Sake Nation “New style of sake events following the Coronavirus pandemic”

By Kosuke Kuji

The past three years since the coronavirus outbreak witnessed the relentless scapegoating of “alcohol consumption” in Japan.

The first state of emergency declaration prohibited restaurants from operating, and left a lasting negative impression of alcohol consumption as “bad.” 

 Media outlets questioned whether the restaurant industry would be ensured or not with each state of emergency declared and movement restricted since. If yes, the public reaction would be, “Why only restaurants?” Either way, alcohol consumption was relentlessly scapegoated during the pandemic due to the perception of increased risk of aerosol contagion, causing great disruption to the operations of sake breweries and alcoholic beverage producers to date.    

 Needless to say, the annual kurabiraki, or warehouse opening, organized by sake breweries to invite guests looking forward to sampling their latest new sake, was canceled.

Events to enjoy sake at sake breweries were all canceled as well.

Popular sake brewery tours and sampling events were also canceled.  

As restaurants incurred great losses since the coronavirus outbreak, so did sake breweries supplying sake to these restaurants, restricted in their ways to recover from the fiscal impact of the pandemic.

 Now that Japan downgraded COVID-19 to Category Five, various events can finally resume.

All events held regularly before the pandemic, such as brewery tours, sampling events, kurabiraki (warehouse opening), will soon resume.  

We’ll soon reunite with many customers at various events, but not without restrictions.

For example, we can no longer reuse glasses, and hand sanitizers will be made available at all times.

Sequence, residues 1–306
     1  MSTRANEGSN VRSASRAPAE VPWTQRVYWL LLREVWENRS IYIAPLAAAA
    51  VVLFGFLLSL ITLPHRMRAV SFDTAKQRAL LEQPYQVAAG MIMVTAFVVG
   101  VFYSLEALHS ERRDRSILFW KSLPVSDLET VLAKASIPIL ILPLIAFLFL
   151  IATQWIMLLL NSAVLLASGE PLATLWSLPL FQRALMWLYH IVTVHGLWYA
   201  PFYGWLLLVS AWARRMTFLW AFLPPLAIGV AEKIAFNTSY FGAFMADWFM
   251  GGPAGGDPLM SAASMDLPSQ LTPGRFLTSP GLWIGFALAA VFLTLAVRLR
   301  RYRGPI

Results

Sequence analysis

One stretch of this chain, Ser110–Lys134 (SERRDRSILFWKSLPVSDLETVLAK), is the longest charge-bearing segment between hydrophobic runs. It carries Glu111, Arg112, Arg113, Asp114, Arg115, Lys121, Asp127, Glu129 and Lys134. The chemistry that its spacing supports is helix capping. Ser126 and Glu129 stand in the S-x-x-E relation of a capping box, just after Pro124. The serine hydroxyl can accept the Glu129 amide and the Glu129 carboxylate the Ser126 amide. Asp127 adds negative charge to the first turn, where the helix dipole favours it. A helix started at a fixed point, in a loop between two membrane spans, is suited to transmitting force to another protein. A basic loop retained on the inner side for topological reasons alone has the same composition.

Please look forward to future sake events in the new post-pandemic era.  













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Sake Ambassador

Rice milling with water wheels 

At a time when rice in the sake production regions of Itami and Ikeda was polished by stomping, rice milling using water wheels started in the Nada region in the fast-flowing river of Rokkosan with abundant water volume. White rice was used with 25~35 percent of the rice bran, etc., removed in the 1800’s. Using water wheels to mill rice required a longer time compared to rice milling today, thought to have produced quality white rice with low gelatinization and low fat oxidation.       

Around 1913, 277 water mills operated in the Nada region. Large volumes of rice were processed in a set period, which increased labor productivity and made mass production of sake possible.  

Focus on cold-weather brewing 

Traditionally, sake was produced seasonally over a nine-month period between June to March of the lunar calendar. Seasonal sake was produced five times a year throughout the four seasons as shin-shu (new sake), aisyu (in-between sake), kanmae-sake (pre-cold weather sake), kansyu (cold weather sake), and haruzake (spring sake). In the Nada region, new rice and seasonal workers were used to focus sake production during the cold weather season for economic advantages.     

Also, bacterial contamination was reduced and the quality of sake improved. To shorten the brewing period, the brewing days were shortened, the production volume was increased, and sake cellars were expanded, etc. 





また、細菌汚染も少なくなり品質的にも向上した。醸造期間を短縮するために、(1)酛(もと)日数の短縮、(2)醪日数の短縮 (3)仕舞個数(しまいこすう)の増大 (4)酒蔵の大型化等々が実施された。

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Tokyo Jizake Strolling (Gallery & Café)

By Ryuji Takahashi

“Gallery & Café Warehouse Garden” is a gallery and café attached to a beautiful garden, operating in a renovated house on the Keio Line Shibasaki Station in the Chofu city of Tokyo. Except for Tuesdays and Wednesdays, lunch starts at 11:00 AM with Japanese and Western course selections, leisurely tea time at 2:00 PM serving homemade cake with coffee or tea, and happy hour at 5:00 PM serving beer, wine, whiskey, sake, appetizers, etc. Local customers often stroll in on their way back from the bathhouse across the street to grab a glass of chilled beer at this café, cherished by their local community.      

The café is attached to the gallery, where various events such as exhibits of paintings, workshops, and occasional musical performances are held weekly. I capitalized on a chance meeting with the owner of this popular café and suggested organizing an event together. My suggestion was graciously accepted, and we organized a seasonal event similar to an outdoor flower-viewing picnic, serving aluminum bottle-shaped cans of Japanese sake Nihonsakari with a seasonal spring bento in the garden.